The manifest helps reduce the need for a press operator to manually record the print job information in a separate log that accompanies the roll. The placement of the manifest allows the user to access the manifest without unrolling the web. For example, a bindery operator can access a roll that has a print job manifest produced at or near the end of the roll. That manifest may contain the names of the jobs printed on that roll as well as information used to determine which materials (covers, customized inserts, etc.) will be needed in the finishing of the print jobs on the roll. The Manifest may also provide information regarding the number of copies to expect, the size of the various print jobs on the roll, as well as information describing any errors in the roll. The print job manifest will allow a user such as a bindery operator to gather such important information without accessing a computer terminal and without examining the roll's contents or a manually generated log.
The following description is broken into sections. The first section, labeled “environment” describes an exemplary computing environment in which embodiments may be implemented. The second section, labeled “components,” describes exemplary logical and physical components used to implement various embodiments. The third section, labeled “operation,” describes exemplary method steps for implementing various embodiments.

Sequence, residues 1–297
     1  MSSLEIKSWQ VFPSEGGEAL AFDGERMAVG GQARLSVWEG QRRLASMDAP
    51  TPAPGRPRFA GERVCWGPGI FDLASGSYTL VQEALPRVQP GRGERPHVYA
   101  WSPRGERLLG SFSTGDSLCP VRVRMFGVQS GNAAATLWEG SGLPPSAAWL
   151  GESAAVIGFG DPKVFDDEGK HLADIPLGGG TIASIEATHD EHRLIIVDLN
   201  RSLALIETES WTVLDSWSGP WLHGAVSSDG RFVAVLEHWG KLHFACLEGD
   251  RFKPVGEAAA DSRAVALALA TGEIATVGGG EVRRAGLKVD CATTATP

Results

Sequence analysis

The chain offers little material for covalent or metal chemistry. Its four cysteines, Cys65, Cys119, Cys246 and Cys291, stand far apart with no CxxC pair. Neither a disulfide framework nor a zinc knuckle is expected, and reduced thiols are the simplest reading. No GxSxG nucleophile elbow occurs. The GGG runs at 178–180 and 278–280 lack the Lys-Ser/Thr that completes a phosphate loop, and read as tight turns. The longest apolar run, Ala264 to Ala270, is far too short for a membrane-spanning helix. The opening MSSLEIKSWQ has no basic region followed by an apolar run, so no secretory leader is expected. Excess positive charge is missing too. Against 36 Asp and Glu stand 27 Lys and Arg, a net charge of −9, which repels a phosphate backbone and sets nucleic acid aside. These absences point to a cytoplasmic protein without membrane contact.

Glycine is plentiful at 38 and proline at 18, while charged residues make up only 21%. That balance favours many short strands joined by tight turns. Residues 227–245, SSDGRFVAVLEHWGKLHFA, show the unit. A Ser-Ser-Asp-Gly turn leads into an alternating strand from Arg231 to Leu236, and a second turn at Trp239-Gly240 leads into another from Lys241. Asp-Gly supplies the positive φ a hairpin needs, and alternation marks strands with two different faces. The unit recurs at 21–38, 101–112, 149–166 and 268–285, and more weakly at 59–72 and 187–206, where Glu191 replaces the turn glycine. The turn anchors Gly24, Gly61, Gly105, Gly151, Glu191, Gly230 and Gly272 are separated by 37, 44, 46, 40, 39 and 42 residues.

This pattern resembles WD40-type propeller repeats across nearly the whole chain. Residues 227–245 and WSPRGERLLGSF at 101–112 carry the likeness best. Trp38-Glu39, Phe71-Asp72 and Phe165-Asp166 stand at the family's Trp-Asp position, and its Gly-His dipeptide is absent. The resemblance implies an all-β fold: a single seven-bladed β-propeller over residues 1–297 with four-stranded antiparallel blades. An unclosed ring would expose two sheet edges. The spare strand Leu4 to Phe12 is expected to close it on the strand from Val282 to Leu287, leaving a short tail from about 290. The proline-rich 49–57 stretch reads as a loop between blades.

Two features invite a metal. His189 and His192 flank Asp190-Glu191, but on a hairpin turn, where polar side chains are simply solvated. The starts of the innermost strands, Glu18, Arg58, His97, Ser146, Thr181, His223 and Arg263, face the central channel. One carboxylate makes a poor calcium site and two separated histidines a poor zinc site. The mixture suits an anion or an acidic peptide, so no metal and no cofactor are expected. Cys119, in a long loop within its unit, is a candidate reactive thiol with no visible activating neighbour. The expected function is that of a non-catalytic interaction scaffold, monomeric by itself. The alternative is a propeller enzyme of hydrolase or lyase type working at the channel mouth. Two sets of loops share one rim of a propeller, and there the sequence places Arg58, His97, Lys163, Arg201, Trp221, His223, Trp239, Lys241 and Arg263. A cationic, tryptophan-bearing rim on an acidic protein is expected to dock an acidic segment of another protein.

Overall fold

In the Example of FIG. 1, digital press includes imager 12, web supply 14, and web take-up 16, user interface 18, and web 19. Imager 12 represents generally any combination of hardware and programming capable of forming print jobs on web 19. Web supply 14 represents generally any combination of hardware and/or programming capable of supplying web 19 for use by imager 12. Web take-up represents generally any combination of hardware and/or programming capable of collecting web 19 as it is being used by imager 12. In the example shown, web supply 14 is configured to hold a web wound for form a supply roll 19A, while web take-up is configured to wind web 19 to form a finished roll 19B.